Humans Need to Rethink Trust in the Wake of Generative AI

As generative AI rapidly evolves, one of the biggest risks that is being discussed is the potential for the technology to be used to generate disinformation and misinformation. This means that humans need to rethink how and what we trust.

Of 2300 digital trust professionals surveyed by ISACA in its Generative AI Survey, 77% said the top risk posed by generative AI today is misinformation and disinformation.

The top five concerns surrounding Generative AI were:

  1. Disinformation/misinformation (77%)
  2. Privacy violations (68%)
  3. Social engineering (63%)
  4. Loss of intellectual property (58%)
  5. Job displacement (35%)

Deepfakes, used to spread dis- and misinformation, are used to alter a person’s likeness in a photo or video clip, generating entirely new content that appears quite realistic.

Communicating via video or audio is a much faster way to get information across than text and there is a risk that AI-generated video and voice communications will spread content that is untruthful or is used to trick victims into taking actions.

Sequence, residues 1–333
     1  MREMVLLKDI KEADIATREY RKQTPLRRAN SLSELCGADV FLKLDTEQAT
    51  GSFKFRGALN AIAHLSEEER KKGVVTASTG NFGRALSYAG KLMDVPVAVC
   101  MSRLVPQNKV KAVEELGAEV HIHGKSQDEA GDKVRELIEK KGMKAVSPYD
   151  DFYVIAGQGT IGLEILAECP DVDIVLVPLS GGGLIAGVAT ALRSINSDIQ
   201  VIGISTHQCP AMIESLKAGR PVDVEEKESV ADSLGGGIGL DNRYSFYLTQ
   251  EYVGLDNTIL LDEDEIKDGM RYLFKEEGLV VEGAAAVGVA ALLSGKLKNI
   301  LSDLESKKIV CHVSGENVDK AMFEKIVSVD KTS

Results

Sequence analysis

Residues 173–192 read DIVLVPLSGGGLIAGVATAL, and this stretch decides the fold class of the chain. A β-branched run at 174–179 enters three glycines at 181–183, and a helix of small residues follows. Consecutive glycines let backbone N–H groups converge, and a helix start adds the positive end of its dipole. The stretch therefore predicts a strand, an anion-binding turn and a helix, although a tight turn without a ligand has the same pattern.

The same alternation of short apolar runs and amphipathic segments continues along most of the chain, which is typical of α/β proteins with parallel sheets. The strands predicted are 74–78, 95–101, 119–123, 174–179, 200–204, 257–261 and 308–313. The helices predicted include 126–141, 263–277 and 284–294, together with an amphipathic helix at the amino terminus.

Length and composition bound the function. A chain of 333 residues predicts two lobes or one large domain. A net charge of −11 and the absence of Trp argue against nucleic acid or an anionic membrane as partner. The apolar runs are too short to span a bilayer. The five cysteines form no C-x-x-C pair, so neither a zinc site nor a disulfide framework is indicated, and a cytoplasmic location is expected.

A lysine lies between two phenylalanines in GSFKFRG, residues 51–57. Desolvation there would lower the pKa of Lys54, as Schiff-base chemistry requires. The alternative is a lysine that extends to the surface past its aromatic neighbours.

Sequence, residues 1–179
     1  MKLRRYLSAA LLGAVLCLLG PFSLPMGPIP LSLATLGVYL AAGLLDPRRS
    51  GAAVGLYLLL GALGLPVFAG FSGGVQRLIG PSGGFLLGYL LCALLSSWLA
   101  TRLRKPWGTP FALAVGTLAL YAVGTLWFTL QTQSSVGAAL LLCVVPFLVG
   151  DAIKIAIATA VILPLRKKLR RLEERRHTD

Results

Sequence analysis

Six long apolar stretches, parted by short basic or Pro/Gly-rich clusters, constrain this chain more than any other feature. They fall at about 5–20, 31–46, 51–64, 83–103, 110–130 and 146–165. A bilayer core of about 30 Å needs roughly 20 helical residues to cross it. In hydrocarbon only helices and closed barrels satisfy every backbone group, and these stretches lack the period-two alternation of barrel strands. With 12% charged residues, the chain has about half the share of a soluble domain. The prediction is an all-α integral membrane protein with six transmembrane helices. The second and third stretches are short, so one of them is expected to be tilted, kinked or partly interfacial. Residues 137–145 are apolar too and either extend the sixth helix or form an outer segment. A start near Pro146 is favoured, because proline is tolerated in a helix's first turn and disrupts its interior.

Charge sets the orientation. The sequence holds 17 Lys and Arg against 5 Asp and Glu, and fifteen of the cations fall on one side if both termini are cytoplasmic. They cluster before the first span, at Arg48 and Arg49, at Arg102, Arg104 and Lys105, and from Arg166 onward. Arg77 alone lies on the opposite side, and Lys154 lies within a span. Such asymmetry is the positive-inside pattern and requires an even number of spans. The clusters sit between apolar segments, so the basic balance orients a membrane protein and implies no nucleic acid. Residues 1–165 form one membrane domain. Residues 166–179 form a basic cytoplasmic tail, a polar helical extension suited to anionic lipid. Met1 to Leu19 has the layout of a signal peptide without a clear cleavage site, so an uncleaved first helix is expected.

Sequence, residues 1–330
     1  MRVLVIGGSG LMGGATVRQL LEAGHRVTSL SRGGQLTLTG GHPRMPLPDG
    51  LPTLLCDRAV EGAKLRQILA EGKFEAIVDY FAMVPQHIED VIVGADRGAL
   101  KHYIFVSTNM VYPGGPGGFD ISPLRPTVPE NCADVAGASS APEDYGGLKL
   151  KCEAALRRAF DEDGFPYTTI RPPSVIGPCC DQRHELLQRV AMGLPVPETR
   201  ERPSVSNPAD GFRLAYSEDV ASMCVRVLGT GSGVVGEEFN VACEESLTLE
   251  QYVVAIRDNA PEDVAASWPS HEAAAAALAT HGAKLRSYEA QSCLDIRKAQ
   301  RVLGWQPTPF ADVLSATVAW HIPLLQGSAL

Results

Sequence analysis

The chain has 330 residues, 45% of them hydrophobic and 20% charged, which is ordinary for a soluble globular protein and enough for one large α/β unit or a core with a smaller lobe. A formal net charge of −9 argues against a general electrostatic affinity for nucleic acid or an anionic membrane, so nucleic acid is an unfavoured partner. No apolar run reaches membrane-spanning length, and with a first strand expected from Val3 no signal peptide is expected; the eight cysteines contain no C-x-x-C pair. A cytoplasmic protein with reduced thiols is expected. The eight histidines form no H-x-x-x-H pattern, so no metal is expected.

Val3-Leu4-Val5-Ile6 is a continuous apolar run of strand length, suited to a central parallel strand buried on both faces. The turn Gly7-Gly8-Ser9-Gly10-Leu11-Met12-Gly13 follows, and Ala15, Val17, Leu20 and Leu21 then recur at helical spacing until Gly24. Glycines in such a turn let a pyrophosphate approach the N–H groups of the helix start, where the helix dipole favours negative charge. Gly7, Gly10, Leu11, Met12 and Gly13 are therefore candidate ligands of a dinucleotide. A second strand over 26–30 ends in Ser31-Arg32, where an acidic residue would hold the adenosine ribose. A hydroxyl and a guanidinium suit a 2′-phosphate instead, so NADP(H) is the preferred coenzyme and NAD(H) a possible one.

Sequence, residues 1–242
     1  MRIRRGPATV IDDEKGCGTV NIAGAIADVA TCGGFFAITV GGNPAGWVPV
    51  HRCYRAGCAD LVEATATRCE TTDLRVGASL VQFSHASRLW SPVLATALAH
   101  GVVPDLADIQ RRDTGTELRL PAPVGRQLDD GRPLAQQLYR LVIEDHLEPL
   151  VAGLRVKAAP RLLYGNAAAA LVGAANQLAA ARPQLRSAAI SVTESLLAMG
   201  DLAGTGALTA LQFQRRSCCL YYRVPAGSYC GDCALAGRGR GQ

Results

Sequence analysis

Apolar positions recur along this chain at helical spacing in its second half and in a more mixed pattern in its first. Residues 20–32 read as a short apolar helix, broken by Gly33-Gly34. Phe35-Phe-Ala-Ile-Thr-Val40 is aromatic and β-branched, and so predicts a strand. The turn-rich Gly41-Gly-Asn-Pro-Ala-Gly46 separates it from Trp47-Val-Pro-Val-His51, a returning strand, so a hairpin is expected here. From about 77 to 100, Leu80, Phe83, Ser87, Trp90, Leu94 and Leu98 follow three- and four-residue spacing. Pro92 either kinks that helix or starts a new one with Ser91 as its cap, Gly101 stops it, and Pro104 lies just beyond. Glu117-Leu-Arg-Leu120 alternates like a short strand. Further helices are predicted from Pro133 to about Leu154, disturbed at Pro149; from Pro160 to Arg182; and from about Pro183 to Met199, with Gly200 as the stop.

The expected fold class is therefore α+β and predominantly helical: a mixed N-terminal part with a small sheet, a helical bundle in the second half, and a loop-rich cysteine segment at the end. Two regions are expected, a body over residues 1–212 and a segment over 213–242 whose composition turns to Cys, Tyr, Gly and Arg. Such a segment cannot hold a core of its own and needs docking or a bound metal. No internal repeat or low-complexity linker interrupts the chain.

Chris Dimitriadis, Global Chief Strategy Officer at ISACA, said during the association’s Digital Trust Summit in Dublin, Ireland: “Pictures are worth a thousand words, and we’re not trained to question what we see. We’re only trained to question what were hear or read so this is a new advent for the human race, to question what we see as being legitimate or not.”

In Summer 2023, UK TV personality and financial expert, Martin Lewis, spoke out about a deepfake likeness of himself promoting an investment scam was published on Facebook.

Meanwhile, a recent study by the University College London found that humans are unable to detect deepfake speech 27% of the time.

Learning to Trust Again

Speaking to Infosecurity, Enrique Perez, strategic communication specialist with NATO, said: “The problem is you cannot believe anything any more even though you are seeing and hearing it. It is a trust issue, and we have to learn to trust again.”

Perez called on organizations to work together to combat today’s evolving cybersecurity challenges.

“Nobody can act alone, we need each other, and the sharing of information is needed,” he said.

Out of the 334 business and IT professionals working in Europe surveyed, 99% say they are worried, to some extent, about the potential exploitation of generative AI by bad actors. Furthermore, 74% believe that cybercriminals are harnessing AI with equal or even greater success than digital trust professionals.

Read more: AI to Create Demand for Digital Trust Professionals

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